Now, you might be thinking, hold on a moment; that architect sounds like a bit of a sharp practitioner. Taking my friend for £10,000 and proposing to build a white elephant; surely that can’t be ethical? Ok, here comes the cautionary part. Rob made several fundamental mistakes, although to be fair, they are all too easily made. Firstly, he didn’t give the architect a proper brief, so basically, the architect had free rein to design whatever he liked. Pretend if you will that I’d asked you to design me a car, and you’d knocked up a natty two-seater sports coupe. If I then complained that I couldn’t get my eight kids in the back, you’d quite rightly say that I hadn’t mentioned that this was a requirement. In Rob’s case, it’s not the

architect’s job to do some market analysis to see what type of development would sell; that should have been Rob’s job as the developer.

Neither did Rob check out the architect’s website. Had he done so, he would have noticed that they specialised in high-end luxury houses and wouldn’t know a commercial conversion if one jumped out of a dark alley and bit them on the backside. Asking them to tackle this project was like hiring Frankie Dettori to ride in a donkey derby. In other words, all architects can design homes, but many have specialisms. It’s horses for courses. Asking a high-end architect to design a cheap and cheerful conversion project was not the way to go. Instead, Rob should have looked around for an architect with that specialism rather than talking to the only architect he happened to know.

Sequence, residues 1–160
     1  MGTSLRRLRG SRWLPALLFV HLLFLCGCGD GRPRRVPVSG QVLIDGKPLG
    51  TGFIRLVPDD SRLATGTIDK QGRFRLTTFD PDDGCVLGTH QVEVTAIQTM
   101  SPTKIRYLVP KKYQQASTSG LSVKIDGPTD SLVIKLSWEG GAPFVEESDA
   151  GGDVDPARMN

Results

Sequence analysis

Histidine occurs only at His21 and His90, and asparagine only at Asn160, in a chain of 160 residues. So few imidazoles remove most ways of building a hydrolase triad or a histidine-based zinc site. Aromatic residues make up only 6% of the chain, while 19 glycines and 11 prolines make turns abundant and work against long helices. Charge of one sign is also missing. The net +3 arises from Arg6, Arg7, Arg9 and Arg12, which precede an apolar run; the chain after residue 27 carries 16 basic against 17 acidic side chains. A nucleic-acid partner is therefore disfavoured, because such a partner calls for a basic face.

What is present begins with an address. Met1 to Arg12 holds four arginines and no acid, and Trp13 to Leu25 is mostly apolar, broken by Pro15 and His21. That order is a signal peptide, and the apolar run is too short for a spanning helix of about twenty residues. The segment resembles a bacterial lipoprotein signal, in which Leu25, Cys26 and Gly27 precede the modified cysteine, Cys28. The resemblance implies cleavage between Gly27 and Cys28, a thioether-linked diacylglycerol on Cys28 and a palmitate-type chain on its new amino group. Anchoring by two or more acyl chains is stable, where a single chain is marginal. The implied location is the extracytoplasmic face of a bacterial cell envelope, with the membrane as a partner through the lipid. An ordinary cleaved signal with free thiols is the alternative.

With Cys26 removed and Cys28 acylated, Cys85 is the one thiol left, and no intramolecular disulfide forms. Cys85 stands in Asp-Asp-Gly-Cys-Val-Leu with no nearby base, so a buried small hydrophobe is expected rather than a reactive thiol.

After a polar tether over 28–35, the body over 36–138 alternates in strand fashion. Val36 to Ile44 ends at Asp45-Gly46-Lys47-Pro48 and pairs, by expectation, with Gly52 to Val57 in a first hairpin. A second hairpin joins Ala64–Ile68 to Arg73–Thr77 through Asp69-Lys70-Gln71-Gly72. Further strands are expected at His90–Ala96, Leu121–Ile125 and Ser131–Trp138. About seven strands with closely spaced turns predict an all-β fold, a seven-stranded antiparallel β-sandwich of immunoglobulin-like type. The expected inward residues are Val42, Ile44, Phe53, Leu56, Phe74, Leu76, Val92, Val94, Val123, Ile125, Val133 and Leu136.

All that said, I do feel that the architect in this case, while not technically at fault, could have had an ‘are you sure about this’ chat with Rob before banking his cash. But ultimately, it’s a case of caveat emptor. As for the planning issue, they’d got as far as asking the planning authority about the principle of building their new design but, in my view, had misinterpreted their response.

Still, we shall never know since events took a different path. A path, incidentally, that required far less capital and which could be completed in half the time since we weren’t demolishing anything. Good old permitted development.

So, where does that leave us when it comes to finding a decent architect? Our cautionary tale exposes a couple of golden nuggets, which I’ve included below, along with a few others you might want to have in mind:

1. Make sure you set a design brief

Any architect is going to want to know what to design. Do your due diligence to determine what will sell well and who your end customer is. Talking to local estate agents will give you a great steer here, as will looking at what has been built recently in the area. The more specific you are, the less margin for error your architect will have, and you should be able to get a great design on the first attempt.

2. Pick an architect with relevant experience